Daring To Eliminate the D.A.R.E. Program

Rockwood School District parents are upset to discover district representatives decided Thursday to eliminate the popular drug-related education program traditionally provided to area fifth graders from local D.A.R.E. police officers.

Future Rockwood School District fifth graders will not be dared to graduate from the Drug Abuse Resistance Education (D.A.R.E.) program, due to Rockwood officials deciding Thursday to end the district's nearly 25 years of participation in the national effort.

News of eliminating the popular program shocked many parents.

D.A.R.E. is a police officer-led series of classroom lessons that teaches children from kindergarten through twelfth grade how to resist peer pressure and live productive drug- and violence-free lives. Locally, the program has been executed during the fifth grade of elementary school, serving as a rites of passage for that important milestone year in students' education.

Schools within the Rockwood District have participated in the D.A.R.E. program since 1988, according to Chief Michael Wiegand.

Parents contacted Patch in a variety of ways, asking why the program would be eliminated.

As Lisa Kolaks Helterbrand posted yesterday on the Eureka-Wildwood Patch Facebook page:  "Rockwood School District has officially decided to eliminate the DARE program without parent involvement in the decision! Please keep in mind that the program does not cost the district any money, so this has nothing to do with budget cuts. This is the first time many of our children get to have a personal, positive relationship with a police officer and they learn so much valuable information, not only about drugs and alcohol, but about friendships, self-esteem, etc."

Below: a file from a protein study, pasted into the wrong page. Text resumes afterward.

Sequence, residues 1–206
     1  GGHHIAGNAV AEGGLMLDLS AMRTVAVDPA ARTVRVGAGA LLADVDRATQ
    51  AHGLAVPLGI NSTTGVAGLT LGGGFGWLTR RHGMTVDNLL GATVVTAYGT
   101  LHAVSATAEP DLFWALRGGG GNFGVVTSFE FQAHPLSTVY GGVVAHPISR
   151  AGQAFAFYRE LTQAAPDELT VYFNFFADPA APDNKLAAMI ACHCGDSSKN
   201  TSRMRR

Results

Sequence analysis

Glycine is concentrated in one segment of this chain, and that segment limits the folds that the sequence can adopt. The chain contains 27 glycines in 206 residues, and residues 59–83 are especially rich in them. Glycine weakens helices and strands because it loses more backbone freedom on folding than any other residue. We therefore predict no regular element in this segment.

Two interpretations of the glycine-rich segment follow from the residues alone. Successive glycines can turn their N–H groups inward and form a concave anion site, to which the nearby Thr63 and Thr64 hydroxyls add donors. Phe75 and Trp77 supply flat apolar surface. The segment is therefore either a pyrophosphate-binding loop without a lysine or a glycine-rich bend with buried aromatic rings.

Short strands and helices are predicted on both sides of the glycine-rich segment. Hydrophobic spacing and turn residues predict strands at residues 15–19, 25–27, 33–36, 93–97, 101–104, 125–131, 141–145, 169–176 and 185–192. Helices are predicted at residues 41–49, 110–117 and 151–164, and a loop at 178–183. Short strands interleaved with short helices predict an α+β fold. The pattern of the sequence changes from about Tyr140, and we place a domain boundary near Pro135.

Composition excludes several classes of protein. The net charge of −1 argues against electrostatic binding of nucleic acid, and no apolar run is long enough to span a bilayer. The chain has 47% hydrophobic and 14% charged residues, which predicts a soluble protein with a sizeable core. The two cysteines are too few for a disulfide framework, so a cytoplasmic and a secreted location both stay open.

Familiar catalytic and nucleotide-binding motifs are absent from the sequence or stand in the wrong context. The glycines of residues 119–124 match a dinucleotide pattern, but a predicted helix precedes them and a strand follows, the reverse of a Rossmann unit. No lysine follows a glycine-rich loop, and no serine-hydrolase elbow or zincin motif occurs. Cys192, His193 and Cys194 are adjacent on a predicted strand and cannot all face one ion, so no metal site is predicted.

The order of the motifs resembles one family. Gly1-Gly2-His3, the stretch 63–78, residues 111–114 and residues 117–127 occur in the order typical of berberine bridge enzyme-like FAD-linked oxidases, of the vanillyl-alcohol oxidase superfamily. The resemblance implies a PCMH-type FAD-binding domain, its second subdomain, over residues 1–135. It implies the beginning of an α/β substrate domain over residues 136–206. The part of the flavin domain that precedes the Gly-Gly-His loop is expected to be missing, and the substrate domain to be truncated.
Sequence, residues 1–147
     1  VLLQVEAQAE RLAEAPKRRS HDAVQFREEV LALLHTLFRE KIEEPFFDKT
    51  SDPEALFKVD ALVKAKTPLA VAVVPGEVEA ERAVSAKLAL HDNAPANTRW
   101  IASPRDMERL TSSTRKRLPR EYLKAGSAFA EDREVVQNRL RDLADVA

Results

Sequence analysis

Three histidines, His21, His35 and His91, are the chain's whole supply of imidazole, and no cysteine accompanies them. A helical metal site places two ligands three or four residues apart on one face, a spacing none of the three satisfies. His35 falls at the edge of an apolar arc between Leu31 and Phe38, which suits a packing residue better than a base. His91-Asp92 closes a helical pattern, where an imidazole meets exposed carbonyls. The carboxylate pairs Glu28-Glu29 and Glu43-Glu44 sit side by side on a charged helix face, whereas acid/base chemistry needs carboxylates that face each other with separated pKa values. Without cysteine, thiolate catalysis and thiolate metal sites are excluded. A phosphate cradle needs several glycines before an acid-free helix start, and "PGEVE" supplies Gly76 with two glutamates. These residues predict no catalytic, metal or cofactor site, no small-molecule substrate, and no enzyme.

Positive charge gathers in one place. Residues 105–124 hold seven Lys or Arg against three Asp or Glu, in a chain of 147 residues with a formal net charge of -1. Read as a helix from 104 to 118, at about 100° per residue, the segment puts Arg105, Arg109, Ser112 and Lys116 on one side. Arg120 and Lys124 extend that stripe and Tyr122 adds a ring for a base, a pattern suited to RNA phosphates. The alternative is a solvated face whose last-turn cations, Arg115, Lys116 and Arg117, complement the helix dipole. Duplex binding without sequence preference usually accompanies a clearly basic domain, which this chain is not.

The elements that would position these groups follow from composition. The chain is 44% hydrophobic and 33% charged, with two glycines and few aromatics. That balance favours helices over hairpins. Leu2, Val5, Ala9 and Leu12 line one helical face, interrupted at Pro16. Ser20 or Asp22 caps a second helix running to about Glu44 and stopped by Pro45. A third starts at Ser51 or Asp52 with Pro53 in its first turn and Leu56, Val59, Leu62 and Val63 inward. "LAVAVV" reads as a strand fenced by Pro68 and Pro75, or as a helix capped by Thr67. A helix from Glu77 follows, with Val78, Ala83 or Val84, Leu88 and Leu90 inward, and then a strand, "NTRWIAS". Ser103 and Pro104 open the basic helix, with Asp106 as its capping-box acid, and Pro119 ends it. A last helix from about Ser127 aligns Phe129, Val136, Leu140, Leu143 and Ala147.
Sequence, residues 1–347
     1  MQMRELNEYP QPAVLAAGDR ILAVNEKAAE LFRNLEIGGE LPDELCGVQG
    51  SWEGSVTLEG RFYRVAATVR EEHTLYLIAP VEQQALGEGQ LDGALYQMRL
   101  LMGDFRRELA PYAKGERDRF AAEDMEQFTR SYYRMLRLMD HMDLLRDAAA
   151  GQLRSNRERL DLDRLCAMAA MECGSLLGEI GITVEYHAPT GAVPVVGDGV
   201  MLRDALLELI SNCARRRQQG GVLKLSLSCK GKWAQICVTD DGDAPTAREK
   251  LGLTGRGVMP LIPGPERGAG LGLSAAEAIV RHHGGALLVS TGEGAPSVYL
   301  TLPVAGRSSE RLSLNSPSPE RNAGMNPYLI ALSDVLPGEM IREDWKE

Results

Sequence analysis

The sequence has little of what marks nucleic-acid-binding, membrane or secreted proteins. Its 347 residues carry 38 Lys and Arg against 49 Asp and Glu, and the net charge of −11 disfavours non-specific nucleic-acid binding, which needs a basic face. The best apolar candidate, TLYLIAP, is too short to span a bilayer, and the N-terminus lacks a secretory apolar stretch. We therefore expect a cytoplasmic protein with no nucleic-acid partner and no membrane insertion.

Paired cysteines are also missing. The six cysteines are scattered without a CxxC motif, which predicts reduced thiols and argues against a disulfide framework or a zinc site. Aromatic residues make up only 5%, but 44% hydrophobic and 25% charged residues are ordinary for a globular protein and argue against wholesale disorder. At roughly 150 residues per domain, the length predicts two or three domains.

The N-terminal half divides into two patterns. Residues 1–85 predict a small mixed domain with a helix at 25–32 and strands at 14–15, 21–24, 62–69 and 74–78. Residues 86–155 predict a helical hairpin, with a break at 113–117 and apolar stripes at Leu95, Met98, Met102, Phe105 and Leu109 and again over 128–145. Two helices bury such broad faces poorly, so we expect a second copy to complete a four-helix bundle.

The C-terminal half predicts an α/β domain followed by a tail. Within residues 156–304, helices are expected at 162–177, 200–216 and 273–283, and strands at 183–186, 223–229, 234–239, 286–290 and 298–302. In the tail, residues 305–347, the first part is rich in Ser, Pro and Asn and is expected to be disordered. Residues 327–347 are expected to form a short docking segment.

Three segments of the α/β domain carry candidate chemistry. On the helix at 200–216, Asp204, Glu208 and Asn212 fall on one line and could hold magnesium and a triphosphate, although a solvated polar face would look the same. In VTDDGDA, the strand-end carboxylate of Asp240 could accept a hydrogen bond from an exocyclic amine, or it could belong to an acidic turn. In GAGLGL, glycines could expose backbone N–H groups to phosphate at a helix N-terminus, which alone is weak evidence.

Wiegand said it was explained yesterday that Rockwood's health and physical education classes from kindergarten through fifth grade already instruct students in most of the topics covered in D.A.R.E. throughout the students' time spent in elementary school.

"Not taught is the different ways to 'say no' to drugs, and some role playing that the D.A.R.E. officers teach in the classroom, though," he said.

He said Rockwood speakers at yesterday's meeting, such as with the , said they want to expand the role of police in schools by having them assist in classrooms for other topics, such as safety, bullying, peer pressure, cyber safety, citizenship, drug free activities in October, and community service.

"They said they value the officers' interaction with the students," said Wiegand.

Parents concerned about the D.A.R.E. program being dropped now are collecting comments, feedback and questions from other interested parents. Comments can be e-mailed by May 20 to sungazing@gmail.com.

Ironically, a D.A.R.E. graduation is planned today at in Eureka at 2:15 p.m.

D.A.R.E. was founded in 1983 in Los Angeles. According to the program's website, its success led to it being implemented in 75 percent of the nation's school districts and in more than 43 countries around the world.

Editor's Note:  Two inquiries to the Rockwood Communications team about the elimination of the D.A.R.E. program from Thursday and today were not answered prior to the publishing of this article. The article will be updated once a response is received.

One of two contacts provided on behalf of the district's stance about D.A.R.E. is Karen Hargadine, principal at in Wildwood and head of the elementary principals who were involved in making this decision. Today, when Patch called Hargadine to ask for her perspective, an elementary staffer said she was out of the building for the day.